New Year’s Foods
New Year’s Eve is a festive time celebrated around the world with friends, family, and fireworks. The holiday season is full of long-standing traditions, but our favorites always tend to center around eating. Many people believe what you do or specifically what you eat on January 1st can set the tone for the entire year to come. Certain dishes known as the New Year’s “good luck” foods have been known to cause health, happiness, and wealth for centuries.
There are a variety of myths as to the tradition behind eating black-eyed peas comes from, but they all say the beans will bring good luck in the form of money in the New Year.
The color green symbolizes luck. Think about four-leaf clovers, dollar bills, and jade jewelry. As if that’s not enough, eating a plate full of greens (kale, cabbage, green beans, and brussels sprouts) will start your year off on a healthy note.
Sweet or savory cornbread is said to bring prosperity in the New Year. The golden hues of the cornbread represent gold and other riches. As the Southern saying goes, “Peas for pennies, greens for dollars, and cornbread for gold.”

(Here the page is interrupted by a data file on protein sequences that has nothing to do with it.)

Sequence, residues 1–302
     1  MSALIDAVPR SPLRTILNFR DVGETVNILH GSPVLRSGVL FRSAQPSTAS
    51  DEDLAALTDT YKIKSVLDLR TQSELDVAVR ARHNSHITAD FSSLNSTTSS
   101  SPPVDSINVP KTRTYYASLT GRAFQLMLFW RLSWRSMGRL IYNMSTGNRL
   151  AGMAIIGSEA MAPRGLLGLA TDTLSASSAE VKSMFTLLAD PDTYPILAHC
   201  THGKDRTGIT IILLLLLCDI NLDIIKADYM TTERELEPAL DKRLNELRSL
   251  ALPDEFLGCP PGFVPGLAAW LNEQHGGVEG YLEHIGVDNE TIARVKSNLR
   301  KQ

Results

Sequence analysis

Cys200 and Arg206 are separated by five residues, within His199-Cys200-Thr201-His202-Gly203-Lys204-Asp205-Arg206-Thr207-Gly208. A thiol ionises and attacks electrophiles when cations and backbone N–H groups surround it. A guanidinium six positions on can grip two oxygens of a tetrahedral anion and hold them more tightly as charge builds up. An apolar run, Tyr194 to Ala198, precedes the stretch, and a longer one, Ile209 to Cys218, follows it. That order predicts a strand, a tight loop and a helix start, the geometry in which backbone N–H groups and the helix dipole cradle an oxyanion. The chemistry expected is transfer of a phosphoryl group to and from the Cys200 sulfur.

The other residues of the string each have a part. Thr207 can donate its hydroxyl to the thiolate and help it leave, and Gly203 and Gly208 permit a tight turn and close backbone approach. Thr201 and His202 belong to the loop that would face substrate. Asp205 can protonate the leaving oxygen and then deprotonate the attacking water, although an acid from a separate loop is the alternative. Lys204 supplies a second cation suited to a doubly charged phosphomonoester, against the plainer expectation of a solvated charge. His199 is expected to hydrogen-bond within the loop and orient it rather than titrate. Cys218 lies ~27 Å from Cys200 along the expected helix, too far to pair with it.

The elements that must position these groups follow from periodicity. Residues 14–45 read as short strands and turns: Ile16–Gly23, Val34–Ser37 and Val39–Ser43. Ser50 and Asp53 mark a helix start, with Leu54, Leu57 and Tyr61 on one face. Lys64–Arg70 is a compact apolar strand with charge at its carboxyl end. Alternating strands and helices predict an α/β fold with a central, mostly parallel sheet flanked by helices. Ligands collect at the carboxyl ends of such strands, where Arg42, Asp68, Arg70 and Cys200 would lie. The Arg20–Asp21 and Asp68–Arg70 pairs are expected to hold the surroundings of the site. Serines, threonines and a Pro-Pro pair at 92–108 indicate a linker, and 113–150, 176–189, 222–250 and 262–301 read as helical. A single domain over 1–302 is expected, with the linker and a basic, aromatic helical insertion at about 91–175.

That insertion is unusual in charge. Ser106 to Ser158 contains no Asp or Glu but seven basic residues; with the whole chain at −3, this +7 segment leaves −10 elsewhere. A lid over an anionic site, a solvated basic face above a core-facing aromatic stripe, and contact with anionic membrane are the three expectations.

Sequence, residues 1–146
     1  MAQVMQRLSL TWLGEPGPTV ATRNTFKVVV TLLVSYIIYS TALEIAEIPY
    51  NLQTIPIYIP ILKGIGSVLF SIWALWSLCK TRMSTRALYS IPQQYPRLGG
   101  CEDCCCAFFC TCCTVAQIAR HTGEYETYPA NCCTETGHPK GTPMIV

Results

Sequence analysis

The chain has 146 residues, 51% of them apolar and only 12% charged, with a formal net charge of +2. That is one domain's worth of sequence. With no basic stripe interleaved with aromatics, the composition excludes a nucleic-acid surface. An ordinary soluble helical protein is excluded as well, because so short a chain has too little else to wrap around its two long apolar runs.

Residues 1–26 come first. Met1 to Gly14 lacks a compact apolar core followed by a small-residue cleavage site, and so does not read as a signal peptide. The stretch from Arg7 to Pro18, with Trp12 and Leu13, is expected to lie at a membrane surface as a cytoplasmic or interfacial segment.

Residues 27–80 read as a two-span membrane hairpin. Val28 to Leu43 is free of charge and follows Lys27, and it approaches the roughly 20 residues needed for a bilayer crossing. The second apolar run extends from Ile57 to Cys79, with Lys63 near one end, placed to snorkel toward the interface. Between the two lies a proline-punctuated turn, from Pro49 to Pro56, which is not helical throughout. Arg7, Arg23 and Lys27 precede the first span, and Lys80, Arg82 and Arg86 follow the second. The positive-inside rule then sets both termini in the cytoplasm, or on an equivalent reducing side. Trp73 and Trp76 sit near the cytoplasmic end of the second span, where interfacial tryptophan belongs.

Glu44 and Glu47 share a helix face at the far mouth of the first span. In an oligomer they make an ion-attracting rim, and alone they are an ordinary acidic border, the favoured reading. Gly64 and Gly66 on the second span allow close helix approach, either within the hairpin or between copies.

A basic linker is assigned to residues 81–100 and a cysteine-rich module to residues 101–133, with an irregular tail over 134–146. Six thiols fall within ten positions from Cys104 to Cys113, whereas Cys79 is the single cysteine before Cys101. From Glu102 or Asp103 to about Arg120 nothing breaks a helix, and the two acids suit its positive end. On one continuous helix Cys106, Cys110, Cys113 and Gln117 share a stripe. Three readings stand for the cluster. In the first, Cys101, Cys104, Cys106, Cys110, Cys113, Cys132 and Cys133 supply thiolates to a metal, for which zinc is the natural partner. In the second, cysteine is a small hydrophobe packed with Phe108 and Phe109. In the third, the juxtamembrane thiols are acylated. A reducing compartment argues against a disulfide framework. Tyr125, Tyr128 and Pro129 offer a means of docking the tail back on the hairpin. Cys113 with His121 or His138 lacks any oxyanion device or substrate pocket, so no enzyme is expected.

Eating pork is supposed to inspire progress throughout the year to come because pigs root forward rather than backward like chickens. On New Year’s, pork is often paired with cabbage in the form of sauerkraut, but we say, anything goes.
Super long noodles are thought to lengthen their life, especially if you can eat them without breaking them. Any noodle will do, as long as it’s long, so bring out the rice noodles, the Italian pasta, and the ramen noodles… the sky’s the limit.
Lentils are round like a coin, therefore they represent good luck around the start of the New Year and beyond. They’re also a symbol of abundance since they increase so much in size when cooked. Lentils will not only bring you luck but are also packed with tons of fiber and protein.
Krupa is our onsite registered dietitian and she is available to help Gatorcare members achieve a healthier lifestyle! It’s not about dieting or counting calories but rather building a healthier relationship with food.